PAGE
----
Open letter to the rowing community and anyone curious about mechanics of HC ‘pulse’
This is Charley Greenwood, P.E., chief engineer at HumanCar, Inc. We greatly appreciate your feedback and look forward to the opportunity to meet with you, have you try our system and hear your suggestions.
Adapting a full body exercise machine to a vehicle has been a challenging project. Both parts must work together in harmony or you’ve got trouble. That’s why the REAR positions are more like a normal rowing stroke with an ab/peck/lat push back on the return stroke. We place the peak resistance in mid-stroke for both directions of power, and this becomes part of the “teamwork component” where you let the next person in the “firing order” power you through the ends of the stroke. When done properly you can experience a torque curve very much like a conventional engine. Exciting power levels have been achieved, hitting 2,000 watts for a four person team in Chicago with large medical students from Madrid.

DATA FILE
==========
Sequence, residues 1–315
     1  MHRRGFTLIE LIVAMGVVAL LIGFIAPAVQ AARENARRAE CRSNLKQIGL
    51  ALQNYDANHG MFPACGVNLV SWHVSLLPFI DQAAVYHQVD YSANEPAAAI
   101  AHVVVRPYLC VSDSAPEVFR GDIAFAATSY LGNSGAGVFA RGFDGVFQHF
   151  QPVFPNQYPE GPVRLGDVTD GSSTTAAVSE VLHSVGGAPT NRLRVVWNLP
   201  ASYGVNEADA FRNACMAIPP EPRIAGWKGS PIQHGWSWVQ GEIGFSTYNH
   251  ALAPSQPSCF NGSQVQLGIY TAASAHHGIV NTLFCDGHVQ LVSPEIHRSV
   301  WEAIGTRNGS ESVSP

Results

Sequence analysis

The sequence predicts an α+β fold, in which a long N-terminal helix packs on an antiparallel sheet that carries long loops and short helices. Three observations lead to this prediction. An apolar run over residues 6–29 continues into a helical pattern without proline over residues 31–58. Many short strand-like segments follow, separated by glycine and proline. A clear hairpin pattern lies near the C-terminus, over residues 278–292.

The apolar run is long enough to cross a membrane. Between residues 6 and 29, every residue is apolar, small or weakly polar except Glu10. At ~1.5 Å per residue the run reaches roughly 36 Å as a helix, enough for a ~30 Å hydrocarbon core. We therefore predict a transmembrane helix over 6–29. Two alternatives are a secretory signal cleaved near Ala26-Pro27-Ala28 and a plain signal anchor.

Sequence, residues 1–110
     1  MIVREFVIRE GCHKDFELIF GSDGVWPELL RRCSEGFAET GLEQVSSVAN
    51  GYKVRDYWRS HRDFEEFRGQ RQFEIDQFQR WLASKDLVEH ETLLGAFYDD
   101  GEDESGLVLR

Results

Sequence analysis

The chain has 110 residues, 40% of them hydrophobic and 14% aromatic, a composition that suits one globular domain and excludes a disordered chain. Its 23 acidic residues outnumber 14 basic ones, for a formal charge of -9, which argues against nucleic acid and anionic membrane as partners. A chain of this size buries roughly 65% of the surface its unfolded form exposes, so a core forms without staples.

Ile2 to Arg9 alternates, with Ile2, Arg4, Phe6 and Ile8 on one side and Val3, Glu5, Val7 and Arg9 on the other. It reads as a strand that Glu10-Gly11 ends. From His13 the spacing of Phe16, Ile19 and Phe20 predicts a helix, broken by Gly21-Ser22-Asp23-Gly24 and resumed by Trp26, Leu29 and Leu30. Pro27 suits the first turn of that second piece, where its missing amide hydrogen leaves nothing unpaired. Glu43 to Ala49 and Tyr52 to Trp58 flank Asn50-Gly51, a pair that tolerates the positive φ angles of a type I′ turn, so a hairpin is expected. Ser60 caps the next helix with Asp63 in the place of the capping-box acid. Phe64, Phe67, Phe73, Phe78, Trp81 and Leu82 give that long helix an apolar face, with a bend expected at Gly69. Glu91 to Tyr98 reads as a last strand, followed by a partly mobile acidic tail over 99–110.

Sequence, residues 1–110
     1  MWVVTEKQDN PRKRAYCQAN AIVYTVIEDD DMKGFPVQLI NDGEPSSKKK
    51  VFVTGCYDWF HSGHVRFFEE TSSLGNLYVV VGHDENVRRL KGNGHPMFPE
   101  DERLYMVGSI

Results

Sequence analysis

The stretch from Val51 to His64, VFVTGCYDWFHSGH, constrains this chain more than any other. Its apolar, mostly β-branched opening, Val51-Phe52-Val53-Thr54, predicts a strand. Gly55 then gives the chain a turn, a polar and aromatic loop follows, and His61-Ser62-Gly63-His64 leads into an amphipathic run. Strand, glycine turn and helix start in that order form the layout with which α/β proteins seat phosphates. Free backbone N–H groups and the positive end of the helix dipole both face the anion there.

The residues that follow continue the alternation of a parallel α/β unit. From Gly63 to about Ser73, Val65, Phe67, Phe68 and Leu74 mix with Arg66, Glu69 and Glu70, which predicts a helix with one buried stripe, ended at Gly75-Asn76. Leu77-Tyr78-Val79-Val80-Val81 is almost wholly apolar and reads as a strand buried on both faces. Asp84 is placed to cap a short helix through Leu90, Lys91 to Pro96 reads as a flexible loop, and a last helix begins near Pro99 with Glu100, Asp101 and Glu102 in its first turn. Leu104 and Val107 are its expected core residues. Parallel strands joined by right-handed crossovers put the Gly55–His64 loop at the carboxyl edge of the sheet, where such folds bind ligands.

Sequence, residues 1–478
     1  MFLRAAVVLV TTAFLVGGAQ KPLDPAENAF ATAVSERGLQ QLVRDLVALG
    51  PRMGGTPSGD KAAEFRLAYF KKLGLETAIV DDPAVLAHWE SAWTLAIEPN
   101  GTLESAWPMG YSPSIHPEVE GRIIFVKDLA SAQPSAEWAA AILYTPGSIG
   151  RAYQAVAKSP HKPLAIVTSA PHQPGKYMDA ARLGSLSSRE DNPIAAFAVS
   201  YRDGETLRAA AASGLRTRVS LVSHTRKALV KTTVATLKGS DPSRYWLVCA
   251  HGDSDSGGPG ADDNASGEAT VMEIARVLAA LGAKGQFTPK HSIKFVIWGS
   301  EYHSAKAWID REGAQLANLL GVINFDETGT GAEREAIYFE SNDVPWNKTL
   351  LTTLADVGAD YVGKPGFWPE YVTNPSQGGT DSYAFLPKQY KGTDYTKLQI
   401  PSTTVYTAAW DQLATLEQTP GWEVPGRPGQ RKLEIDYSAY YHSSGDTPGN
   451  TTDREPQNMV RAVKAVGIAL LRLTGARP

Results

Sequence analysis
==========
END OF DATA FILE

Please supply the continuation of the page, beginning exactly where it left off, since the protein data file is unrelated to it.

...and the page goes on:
The front positions “dial down” some of the potential power so that you have something left for the “body steering” inputs. As the FM-4 has performed well going around steep downhill corners at 60 mph, we’re happy with how the vehicles handle.
We had the opportunity to take our dyno to the Cycle Oregon stop over near here last September. A Kona “Bear” was specially fitted to interface to the dyno, and a number of volunteers went for their maximum power readings. These varied from 300 watts up to 930 watts for cyclists. I’m a sunny day cyclist, not a serious one, so my power was 375 watts with no toe clips and 550 with them. Later that day on the same dyno, I put out 1,350 watts by myself on the FM-4.
I believe you will find our mechanism an interesting variation on the rowing concept, and I look forward to testing one of our vehicles with you on board.
Charles Greenwood P.E.